Christmas Day on the MV Explorer
Christmas Eve I was in isolation again the whole day. And I didn’t mind at all. I had the flu for a couple of days – the last day we were in Lima then 2 days on board, the 23rd and 24th, I think. The first day Doctor Phil put me in my own room on the fourth level, 4118, with a big mirror instead of a window. I was so happy there, reading and writing and sleeping. Don, our steward, brought me my meals, and I felt as happy as I’ve been any days of the trip. It was fantastic getting to have time to myself to think and read and write and not be able to go out or do anything. I was so blasted tired. It was wonderful being forced to relax. I think it shifted everything.
The 24th I called the reception desk to see if I could get some oatmeal instead of eggs and bacon and found out that I didn’t have doctor’s orders anymore to have my meals brought to me anymore so I would need to go get breakfast myself. It was actually a big mix up – the doctors thought I still was in isolation, but I couldn’t stay there and get food – the door locked after I left and I couldn’t re-enter so I had to take my things with me. Gerlinde wanted me back in our room – she missed me – so I moved back in then went to get breakfast. Sandy (the doctor) saw me there and asked how I was feeling. I felt better but not good. I went to see Phil again at 10. He told me to stay in my room the rest of the day and on Christmas I could go out and about. I felt the tiniest bit bad about missing out of the Christmas Eve dinner but actually didn’t mind all that much. I like our dinner companions tremendously – Mary, Kelly, Trista, and Lynn – but I just wasn’t feeling good enough to carry on a decent conversation or to have enough energy to sit up that long. So I stayed in our room all day drawing Zendoodle Christmas balls as gifts for Gerlinde, Cynthia and Bob, and Don, our steward. I wanted to give him something to say thank you for all he’s done for me. He has been unfailingly kind and lovely and nice and full of smiles. And he cleans the room really nicely each day and turns down our beds at night – I’m going to miss him a lot! It felt great doing the drawings for them and thinking nice thoughts as I did so. I also listened to the keynote talks as I drew. Julian Bond gave another speech which was excellent. Jairek Robbin’s talk was interesting – all about being true to oneself. I think he has a lot of good things to say. Doug Mack gave another talk – I enjoy his presentations very much. He’s funny and informative both – it’s a good combination. I look forward to reading his book when I get back and can get a copy of it. Apparently a palette broke as they were loading the ship for our voyage and some boxes, his box of books included, got sent back from whence they came rather than making it aboard, so I can’t buy one from him here and get it signed. I’m wondering if that’s what happened to the rest of my art supplies, though I did receive a phone call a couple of days ago, on the 24th, to let me know 2 boxes had arrived in Nathan’s room which might be for me. I haven’t remembered to check into them yet to see if they’re my pencils and watercolor paper or not. I hope they are! That would be sweet!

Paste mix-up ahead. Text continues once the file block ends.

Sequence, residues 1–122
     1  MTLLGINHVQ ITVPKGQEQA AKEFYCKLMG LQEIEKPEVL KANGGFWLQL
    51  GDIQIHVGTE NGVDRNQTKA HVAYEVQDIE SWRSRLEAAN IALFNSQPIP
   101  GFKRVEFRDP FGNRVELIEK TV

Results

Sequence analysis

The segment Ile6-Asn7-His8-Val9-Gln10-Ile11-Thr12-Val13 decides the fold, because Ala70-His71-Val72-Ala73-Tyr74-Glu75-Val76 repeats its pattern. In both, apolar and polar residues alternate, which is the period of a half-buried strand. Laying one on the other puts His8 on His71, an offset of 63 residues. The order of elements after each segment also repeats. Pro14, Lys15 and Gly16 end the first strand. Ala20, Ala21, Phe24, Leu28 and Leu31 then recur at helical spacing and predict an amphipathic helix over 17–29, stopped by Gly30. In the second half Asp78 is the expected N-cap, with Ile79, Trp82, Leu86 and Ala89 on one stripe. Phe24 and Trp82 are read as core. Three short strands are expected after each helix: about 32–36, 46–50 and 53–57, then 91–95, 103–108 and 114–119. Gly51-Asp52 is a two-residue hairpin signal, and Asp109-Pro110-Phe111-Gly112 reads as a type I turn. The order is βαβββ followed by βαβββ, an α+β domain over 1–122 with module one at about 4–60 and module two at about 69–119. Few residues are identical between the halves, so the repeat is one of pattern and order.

Christmas Eve Gerlinde got beautifully dressed up for the fancy dinner which I had to miss. As she was getting ready, I didn’t mind the thought of not going at all. As soon as she left though, interestingly enough, I felt like bursting into tears. I decided then and there to go outside and stand in the open just to feel the air. I hadn’t been outside for 48 hours and hadn’t even been able to see outside for 36 of those hours. The moment I walked outside, I was catapulted into reverie. The sky was a royal blue with God’s fingerprints dotting across it along with a thunderhead directly ahead of where I was looking. Occasional cirrus clouds wafted across as well. Tears rose to my eyes as I took in the beauty, so stunned did I feel to be witness to such exquisiteness. I let the tears flow freely as I thanked God for allowing me to experience such beauty.